Now the hard part: composing the shot before it happens. If there are foreground or background distractions (fog machines, mic stands, monitors, monster advertisements in the form of energy drinks, etc.) move from one side of the artist to the other and see where the distractions are best minimized. Test a portrait vs. landscape shot, kneel, squat, stand on your tippie-toes (whatever it takes, within reasonable judgement and consideration of the Concert Photographer's Etiquette) to find the angle and compose the shot you have imagined your mind.

And then... wait. This doesn't necessarily mean stop taking photos, it just means be prepared to hit that shutter button at that exact moment rather than a millisecond too early or a millisecond too late.

7. Experiment.

Never be afraid to experiment. No two shows, bands, venues or photographers are the same and there are a myriad of reasons why what worked yesterday might not work today. Even if you've been shooting for years, you should never get to a point where your work becomes stale. There are endless ways to change things up, and who knows what you might learn in the process.

Five Finger Death Punch in Nashville, TN. Photo by Lizzy Davis.

8. Try to make eye contact, then remind them that you did.

This one is a little harder, so certainly don't consider it a failure when it doesn't happen. Do try to remove your eye from the viewfinder and genuinely watch the artist for a second, though. From personal experience, they're more likely to notice you if you look like you're enjoying yourself, head-bobbing and/or mouthing along to the lyrics.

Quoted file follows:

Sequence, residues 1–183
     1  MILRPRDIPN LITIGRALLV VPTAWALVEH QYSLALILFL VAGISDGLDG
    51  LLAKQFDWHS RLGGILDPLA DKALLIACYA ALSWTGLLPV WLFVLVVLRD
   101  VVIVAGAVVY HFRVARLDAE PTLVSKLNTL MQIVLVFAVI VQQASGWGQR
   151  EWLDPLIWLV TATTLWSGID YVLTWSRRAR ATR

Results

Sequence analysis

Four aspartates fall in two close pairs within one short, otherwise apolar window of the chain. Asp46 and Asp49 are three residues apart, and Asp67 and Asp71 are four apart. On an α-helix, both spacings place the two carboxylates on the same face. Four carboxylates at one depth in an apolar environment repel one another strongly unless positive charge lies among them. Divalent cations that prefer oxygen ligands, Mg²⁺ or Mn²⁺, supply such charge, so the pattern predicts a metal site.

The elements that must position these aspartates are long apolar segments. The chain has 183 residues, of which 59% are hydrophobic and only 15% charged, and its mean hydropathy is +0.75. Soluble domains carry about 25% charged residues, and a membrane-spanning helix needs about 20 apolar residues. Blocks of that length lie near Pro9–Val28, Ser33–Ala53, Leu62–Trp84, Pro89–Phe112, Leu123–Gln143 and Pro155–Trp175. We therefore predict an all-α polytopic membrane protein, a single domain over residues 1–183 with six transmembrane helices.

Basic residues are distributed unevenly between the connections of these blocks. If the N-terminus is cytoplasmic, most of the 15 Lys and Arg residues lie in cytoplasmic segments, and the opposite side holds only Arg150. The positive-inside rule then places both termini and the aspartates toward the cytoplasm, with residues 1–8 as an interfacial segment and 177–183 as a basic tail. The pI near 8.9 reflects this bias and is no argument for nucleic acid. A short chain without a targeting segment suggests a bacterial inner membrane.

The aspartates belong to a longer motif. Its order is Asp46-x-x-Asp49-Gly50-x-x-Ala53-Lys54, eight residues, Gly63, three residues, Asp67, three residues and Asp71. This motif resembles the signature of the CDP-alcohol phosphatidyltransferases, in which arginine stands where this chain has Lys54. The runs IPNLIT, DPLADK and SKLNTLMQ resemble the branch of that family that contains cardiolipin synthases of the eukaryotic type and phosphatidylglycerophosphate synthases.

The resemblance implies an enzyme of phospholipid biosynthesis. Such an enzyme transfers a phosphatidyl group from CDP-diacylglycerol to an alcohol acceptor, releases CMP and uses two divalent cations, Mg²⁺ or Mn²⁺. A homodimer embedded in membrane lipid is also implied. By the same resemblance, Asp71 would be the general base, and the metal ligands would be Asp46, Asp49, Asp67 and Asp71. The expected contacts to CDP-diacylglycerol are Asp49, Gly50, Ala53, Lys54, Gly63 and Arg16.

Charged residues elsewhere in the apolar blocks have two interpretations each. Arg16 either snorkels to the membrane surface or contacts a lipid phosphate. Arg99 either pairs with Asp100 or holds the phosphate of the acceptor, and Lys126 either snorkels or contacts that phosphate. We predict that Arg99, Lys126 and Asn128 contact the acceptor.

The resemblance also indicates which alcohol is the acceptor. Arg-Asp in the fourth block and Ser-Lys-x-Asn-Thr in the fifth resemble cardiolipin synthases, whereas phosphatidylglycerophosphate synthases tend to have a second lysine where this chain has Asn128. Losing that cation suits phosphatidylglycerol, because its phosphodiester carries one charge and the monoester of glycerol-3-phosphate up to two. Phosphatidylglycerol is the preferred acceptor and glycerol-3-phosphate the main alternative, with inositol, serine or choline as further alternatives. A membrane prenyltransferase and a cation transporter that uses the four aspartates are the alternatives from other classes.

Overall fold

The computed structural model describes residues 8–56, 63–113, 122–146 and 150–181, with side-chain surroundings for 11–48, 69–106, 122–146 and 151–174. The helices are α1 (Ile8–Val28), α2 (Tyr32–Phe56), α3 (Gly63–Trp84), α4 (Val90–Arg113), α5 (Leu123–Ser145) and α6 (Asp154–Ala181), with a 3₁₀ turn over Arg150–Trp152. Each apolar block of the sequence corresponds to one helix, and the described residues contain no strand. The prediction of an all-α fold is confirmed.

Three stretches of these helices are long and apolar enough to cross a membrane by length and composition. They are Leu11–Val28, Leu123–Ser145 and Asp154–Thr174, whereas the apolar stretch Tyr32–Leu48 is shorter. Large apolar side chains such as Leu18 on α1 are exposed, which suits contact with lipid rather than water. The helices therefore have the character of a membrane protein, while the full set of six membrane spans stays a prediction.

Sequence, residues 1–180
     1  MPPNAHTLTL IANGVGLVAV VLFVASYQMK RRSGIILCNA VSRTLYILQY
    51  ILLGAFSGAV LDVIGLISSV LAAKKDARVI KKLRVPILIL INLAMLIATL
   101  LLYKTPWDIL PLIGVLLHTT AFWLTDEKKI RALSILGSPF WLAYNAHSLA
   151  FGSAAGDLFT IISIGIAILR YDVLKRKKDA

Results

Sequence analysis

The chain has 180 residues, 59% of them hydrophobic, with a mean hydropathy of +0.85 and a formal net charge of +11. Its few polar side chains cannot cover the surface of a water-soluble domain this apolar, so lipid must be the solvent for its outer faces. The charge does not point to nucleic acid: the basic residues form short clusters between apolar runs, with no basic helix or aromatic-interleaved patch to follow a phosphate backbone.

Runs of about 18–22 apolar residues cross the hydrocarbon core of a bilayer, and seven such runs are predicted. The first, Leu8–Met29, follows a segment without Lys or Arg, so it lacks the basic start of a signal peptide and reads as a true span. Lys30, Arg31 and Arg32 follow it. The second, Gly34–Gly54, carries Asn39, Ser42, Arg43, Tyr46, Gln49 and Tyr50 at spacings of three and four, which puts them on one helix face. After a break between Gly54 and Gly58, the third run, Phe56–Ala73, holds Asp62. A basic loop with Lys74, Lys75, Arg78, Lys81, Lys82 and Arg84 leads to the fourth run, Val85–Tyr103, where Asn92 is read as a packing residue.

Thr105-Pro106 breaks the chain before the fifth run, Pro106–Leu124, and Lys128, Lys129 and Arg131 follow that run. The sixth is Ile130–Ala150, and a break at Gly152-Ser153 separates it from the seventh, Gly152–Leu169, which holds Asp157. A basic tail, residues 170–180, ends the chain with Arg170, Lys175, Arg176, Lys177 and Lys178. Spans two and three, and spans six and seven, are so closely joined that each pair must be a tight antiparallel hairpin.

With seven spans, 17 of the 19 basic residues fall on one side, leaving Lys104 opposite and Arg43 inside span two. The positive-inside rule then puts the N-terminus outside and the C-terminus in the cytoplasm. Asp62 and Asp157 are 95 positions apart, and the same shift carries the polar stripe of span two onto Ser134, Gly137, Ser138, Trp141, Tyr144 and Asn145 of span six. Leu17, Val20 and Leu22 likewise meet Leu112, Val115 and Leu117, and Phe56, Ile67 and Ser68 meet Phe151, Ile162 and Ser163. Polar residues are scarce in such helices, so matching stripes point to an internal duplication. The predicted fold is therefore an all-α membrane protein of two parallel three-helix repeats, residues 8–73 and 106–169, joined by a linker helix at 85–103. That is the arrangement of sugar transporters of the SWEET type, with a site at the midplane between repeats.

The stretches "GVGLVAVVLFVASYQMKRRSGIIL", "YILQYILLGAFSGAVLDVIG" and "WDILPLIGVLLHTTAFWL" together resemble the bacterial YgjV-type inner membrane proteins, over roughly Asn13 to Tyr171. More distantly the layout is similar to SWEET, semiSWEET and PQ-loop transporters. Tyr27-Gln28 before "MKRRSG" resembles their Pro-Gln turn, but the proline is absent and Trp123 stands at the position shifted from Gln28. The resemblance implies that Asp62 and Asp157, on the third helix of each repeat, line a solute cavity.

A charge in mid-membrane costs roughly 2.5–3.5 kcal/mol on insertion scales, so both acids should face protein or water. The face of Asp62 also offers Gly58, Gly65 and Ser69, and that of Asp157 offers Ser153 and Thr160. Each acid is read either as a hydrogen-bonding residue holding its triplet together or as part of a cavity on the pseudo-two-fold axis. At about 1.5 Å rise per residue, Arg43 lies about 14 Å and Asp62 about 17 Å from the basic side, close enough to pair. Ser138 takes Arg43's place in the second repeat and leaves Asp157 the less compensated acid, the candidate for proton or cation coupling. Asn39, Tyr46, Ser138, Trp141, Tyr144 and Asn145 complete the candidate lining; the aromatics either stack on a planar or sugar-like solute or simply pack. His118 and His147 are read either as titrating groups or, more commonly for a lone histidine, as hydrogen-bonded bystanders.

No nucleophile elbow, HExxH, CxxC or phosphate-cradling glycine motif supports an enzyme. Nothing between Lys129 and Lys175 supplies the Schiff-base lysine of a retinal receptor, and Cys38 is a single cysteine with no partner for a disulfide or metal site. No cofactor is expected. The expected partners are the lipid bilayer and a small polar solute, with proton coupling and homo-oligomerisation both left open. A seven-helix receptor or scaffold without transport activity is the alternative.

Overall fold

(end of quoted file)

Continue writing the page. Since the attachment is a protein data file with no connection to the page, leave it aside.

When they do make eye contact or hold a pose for a second, be sure to mouth, "Thank you," as soon as you've taken the shot. This acknowledges your appreciation... and also lets them know they can stop holding the pose now. Once you process the photo, I suggest trying to get it in front of their eyes via social media (usually Twitter or Instagram for personal connections). Many times they will repost the shot, but if nothing else, it allows them to put a photographer's name/face to their actual photos.

Remember, some performers are more photo-friendly than others, and some probably wish cameras didn't exist. For the sake of your dignity (not ending up on Assholes In The Photo Pit), not distracting the artist, and not making other photographers seem like other assholes in the pit, please refrain from whistling at band members to get their attention. I wouldn't add this if I hadn't actually witnessed it happen.

Collection of eye contact concert photos from Robert Zakaryan of Adelitas Way. Photos by Lizzy Davis.

9. Shoot the same band multiple times.

This isn't the number one on the list because it's entirely possible to get a killer shot the first time you shoot a band, however this is my favorite tip on the list.

If you shoot a particular band multiple times, you'll know exactly what to expect from them - energetic vs. inactive, if they have nice lighting or reds with strobes, which member(s) are the most photogenic, and the moment when someone sprays water in the air.

If you've ever successfully made eye contact with any member of the band, there is a chance they'll remember you the next time they see you and might strike another pose. (Note: Robert Zakaryan of Adelitas Way pictured above, who gives me almost the same exact pose every time I shoot them.)